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abstract = "BACKGROUND AND OBJECTIVES: It is unclear which specific well-child visits (WCVs) are most frequently missed and whether age-specific patterns of attendance differ by race or insurance type. METHODS: We conducted a retrospective cohort study of children 0 to 6 years old between 2011 and 2016 within 2 health networks spanning 20 states. WCVs were identified by using International Classification of Diseases, Ninth and 10th Revisions and Current Procedural Terminology codes. We calculated adherence to the 13 American Academy of Pediatrics-recommended WCVs from birth to age 6 years. To address data completeness, we made 2 adherence calculations after a child's last recorded WCV: 1 in which we assumed all subsequent WCVs were attended outside the network and 1 in which we assumed none were. RESULTS: We included 152 418 children in our analysis. Most children were either publicly insured (77{\%}) or uninsured (14{\%}). The 2-, 4-, and 6-month visits were the most frequently attended (63{\%} [assuming no outside care after the last recorded WCV] to 90{\%} [assuming outside care]), whereas the 15-and 18-months visits (41{\%}-75{\%}) and 4-year visit (19{\%}-49{\%}) were the least frequently attended. Patients who were publicly insured and uninsured (versus privately insured) had higher odds of missing WCVs. Hispanic and Asian American (versus non-Hispanic white) patients had higher odds of attending WCVs. DISCUSSION The 15-and 18-month WCVs as well as the 4-year WCV are the least frequently attended WCVs. The former represent opportunities to identify developmental delays, and the latter represents an opportunity to assess school readiness.",
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AU - Wasserman, Richard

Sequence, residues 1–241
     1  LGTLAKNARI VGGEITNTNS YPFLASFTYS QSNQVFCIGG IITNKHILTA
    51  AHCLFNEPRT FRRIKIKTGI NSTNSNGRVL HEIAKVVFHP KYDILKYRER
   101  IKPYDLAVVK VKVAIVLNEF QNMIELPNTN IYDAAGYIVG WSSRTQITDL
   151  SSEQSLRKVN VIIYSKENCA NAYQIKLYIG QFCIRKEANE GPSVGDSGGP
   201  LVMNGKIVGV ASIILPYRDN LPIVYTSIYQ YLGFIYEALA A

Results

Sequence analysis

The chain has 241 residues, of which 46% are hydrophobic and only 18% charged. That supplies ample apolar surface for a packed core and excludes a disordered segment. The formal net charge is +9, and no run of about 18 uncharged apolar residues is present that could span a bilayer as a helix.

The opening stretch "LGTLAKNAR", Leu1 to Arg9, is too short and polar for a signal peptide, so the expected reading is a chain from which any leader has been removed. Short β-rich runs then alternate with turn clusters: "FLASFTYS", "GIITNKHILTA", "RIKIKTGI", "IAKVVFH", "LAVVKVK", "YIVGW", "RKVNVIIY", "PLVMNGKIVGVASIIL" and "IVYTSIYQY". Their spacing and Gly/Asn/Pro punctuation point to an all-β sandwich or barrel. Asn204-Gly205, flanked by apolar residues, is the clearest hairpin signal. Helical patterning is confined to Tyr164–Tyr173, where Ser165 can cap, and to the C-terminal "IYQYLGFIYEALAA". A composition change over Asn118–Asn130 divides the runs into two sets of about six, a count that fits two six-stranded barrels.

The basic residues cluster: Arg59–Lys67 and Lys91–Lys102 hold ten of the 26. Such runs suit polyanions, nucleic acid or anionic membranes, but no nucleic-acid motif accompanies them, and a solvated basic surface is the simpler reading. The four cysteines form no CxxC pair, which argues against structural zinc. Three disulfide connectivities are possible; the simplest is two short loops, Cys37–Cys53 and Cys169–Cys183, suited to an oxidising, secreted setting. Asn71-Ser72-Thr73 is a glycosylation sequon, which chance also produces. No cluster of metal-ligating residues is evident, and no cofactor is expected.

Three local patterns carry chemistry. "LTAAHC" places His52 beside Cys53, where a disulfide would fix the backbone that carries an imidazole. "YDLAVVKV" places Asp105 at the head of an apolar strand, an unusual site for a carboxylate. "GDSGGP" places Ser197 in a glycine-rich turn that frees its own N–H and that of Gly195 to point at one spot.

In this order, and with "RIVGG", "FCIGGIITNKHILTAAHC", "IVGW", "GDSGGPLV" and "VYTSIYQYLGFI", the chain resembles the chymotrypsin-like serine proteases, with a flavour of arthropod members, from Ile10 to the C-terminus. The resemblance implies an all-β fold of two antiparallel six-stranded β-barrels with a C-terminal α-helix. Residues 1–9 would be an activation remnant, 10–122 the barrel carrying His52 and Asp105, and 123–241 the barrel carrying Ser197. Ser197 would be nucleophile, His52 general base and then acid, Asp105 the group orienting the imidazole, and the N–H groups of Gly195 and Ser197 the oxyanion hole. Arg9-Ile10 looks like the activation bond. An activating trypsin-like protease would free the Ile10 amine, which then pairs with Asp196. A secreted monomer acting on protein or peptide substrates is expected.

AU - Geissal, Erik

AU - Opel, Douglas J.

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N2 - BACKGROUND AND OBJECTIVES: It is unclear which specific well-child visits (WCVs) are most frequently missed and whether age-specific patterns of attendance differ by race or insurance type. METHODS: We conducted a retrospective cohort study of children 0 to 6 years old between 2011 and 2016 within 2 health networks spanning 20 states. WCVs were identified by using International Classification of Diseases, Ninth and 10th Revisions and Current Procedural Terminology codes. We calculated adherence to the 13 American Academy of Pediatrics-recommended WCVs from birth to age 6 years. To address data completeness, we made 2 adherence calculations after a child's last recorded WCV: 1 in which we assumed all subsequent WCVs were attended outside the network and 1 in which we assumed none were. RESULTS: We included 152 418 children in our analysis. Most children were either publicly insured (77%) or uninsured (14%). The 2-, 4-, and 6-month visits were the most frequently attended (63% [assuming no outside care after the last recorded WCV] to 90% [assuming outside care]), whereas the 15-and 18-months visits (41%-75%) and 4-year visit (19%-49%) were the least frequently attended. Patients who were publicly insured and uninsured (versus privately insured) had higher odds of missing WCVs. Hispanic and Asian American (versus non-Hispanic white) patients had higher odds of attending WCVs. DISCUSSION The 15-and 18-month WCVs as well as the 4-year WCV are the least frequently attended WCVs. The former represent opportunities to identify developmental delays, and the latter represents an opportunity to assess school readiness.